You have twice honoured me today. First, you have conferred on me one of the highest degrees of your university; and now you have done me the further honour of inviting me to address your Congregation - a privilege which I recognize and much appreciated, particularly since I speak, in part at least, on behalf of my distinguished fellow graduates.
Let me begin by discharging this most pleasant duty. May I, Your Excellency and Chancellor, on behalf of my fellow graduates and myself, express to you, to the Vice-Chancellor and to the Senate our deep gratitude for the honour you have done us.
A university congregation is for me a uniquely satisfying, and sometimes a moving, occasion, combining as it does the dignity of a simple and precisely executed ceremonial with the sense of belonging to a great and free community, a worldwide community of the intellect. A congregation is also, for me, a reminder that the liberating and the transforming power of ideas cannot be contained by national boundaries. The fraternity of scholarship and scientific endeavour unites men and women of all nations and all races in a common loyalty to the academic ideals that they all share. I have felt these sentiments most strongly at this Congregation of the University of Hong Kong.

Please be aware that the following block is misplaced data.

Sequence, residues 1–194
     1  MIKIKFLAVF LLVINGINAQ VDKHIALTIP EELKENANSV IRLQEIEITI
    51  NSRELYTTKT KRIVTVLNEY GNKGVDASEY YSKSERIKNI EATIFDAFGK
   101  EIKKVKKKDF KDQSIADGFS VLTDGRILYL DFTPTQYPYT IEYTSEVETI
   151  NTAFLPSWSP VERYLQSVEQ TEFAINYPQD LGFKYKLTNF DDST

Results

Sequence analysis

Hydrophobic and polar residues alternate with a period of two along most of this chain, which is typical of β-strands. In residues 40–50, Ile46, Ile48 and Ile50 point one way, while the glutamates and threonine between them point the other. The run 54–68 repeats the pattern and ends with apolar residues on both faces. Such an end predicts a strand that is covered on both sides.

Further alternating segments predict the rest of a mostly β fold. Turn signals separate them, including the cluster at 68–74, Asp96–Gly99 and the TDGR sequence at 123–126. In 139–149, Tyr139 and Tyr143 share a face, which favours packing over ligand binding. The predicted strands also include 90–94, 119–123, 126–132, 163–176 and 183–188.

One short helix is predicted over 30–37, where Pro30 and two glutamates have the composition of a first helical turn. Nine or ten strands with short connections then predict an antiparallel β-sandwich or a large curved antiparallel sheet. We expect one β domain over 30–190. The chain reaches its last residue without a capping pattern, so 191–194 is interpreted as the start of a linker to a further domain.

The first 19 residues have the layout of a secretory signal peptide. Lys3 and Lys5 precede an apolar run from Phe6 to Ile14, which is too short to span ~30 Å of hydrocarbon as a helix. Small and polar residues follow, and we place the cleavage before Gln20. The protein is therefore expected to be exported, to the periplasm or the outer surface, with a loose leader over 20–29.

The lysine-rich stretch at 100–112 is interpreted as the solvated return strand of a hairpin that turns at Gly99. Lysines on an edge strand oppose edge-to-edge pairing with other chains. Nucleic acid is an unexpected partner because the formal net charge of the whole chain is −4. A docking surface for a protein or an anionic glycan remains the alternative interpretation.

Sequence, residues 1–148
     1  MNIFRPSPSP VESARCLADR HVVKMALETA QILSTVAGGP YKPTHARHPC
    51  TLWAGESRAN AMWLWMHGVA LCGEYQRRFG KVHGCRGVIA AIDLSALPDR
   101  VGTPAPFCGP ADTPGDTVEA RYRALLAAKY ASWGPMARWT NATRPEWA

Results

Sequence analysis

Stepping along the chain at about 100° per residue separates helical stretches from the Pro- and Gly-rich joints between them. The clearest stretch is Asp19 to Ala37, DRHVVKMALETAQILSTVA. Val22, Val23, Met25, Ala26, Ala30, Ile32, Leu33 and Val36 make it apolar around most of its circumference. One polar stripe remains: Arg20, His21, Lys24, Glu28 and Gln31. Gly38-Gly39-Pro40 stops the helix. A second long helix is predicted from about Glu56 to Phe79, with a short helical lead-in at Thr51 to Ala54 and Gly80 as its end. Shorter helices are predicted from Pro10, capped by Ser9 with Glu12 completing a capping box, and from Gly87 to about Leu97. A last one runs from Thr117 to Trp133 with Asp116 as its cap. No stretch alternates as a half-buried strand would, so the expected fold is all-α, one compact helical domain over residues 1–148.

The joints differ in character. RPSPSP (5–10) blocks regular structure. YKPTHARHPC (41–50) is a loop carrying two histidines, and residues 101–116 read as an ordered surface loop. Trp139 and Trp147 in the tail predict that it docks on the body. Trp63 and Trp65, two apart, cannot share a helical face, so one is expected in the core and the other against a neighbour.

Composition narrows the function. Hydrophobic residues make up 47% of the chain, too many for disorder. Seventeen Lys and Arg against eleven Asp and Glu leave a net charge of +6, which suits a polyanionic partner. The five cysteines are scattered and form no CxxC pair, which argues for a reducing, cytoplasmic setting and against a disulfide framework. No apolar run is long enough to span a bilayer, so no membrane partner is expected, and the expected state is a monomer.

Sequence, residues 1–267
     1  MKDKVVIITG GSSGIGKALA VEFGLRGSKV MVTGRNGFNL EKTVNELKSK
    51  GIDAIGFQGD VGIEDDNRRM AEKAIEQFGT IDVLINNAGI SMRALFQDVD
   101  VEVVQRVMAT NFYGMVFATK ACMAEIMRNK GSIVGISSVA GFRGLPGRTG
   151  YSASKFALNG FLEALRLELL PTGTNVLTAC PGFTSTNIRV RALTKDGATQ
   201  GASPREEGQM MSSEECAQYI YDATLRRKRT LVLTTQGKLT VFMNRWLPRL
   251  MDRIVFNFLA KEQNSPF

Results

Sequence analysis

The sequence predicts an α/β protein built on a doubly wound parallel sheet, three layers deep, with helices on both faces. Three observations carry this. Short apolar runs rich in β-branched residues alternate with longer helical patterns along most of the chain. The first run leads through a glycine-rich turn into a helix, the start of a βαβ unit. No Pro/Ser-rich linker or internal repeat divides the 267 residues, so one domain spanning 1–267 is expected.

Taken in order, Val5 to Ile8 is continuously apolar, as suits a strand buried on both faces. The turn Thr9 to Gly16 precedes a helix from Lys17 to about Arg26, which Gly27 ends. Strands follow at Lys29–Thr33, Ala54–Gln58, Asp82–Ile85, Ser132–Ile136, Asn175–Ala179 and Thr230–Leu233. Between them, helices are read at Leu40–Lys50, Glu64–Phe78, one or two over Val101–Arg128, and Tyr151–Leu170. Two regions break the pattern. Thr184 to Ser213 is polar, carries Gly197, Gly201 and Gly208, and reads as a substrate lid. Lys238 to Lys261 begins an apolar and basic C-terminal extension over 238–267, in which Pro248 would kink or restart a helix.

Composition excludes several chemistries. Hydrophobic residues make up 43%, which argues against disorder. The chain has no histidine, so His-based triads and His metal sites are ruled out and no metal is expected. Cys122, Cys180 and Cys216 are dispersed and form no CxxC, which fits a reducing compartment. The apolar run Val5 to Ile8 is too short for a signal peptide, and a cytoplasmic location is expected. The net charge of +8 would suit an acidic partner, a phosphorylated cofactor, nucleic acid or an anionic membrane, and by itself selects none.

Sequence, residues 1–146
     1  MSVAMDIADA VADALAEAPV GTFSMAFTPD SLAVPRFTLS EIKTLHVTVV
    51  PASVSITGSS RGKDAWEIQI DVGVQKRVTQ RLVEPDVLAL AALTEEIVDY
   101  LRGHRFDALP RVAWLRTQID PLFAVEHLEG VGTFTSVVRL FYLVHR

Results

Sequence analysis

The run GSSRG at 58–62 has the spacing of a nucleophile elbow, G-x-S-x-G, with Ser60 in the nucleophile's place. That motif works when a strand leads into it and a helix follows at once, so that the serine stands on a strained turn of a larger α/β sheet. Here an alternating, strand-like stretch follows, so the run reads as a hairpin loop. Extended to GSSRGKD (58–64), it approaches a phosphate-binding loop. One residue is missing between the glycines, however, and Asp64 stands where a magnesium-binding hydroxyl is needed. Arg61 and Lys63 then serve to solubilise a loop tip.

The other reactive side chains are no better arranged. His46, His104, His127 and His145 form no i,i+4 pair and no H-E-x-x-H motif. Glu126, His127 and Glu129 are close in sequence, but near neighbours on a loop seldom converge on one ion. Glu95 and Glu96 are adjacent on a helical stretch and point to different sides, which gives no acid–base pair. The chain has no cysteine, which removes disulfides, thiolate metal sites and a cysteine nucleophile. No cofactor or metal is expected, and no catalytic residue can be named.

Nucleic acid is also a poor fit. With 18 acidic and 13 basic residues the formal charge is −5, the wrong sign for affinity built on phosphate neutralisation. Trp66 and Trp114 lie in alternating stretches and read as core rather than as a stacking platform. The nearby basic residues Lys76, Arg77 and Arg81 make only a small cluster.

When the Vice-Chancellor gave me notice that I would be invited to speak, I gladly said how happy I would be to do so. But is soon realized how little I really knew about your University. My few visits, and the official and business correspondence I have had with university officers, have been about current activities and future plans. But really to know an institution one must know its history; and I found that I knew all too little of the history of this University.
So I tried, in what little time I could save, to inform myself better about it. I borrowed from our library at the ACU the volume edited by Brian Harrison, which was published to commemorate the University's golden jubilee; and having read it, I looked forward even more proudly than before to become a graduate of the University of Hong Kong.
Yours is an unusually interesting and eventful history for so young a university. I refer particularly to the years from its foundation to the end of the Second World War. It is a story of noble ideals and personal heroism, and of courage that springs from faith and from indomitable will.
It is also a nice illustration for the truth that man proposes but God disposes. Lugard's high-minded imperial purpose failed. The University was not destined to be a British University for China. Yet his vision inspired a remarkable degree of support from the leading elements in the community - and indeed outside it. Few universities in modern times can have had so many generous benefactors.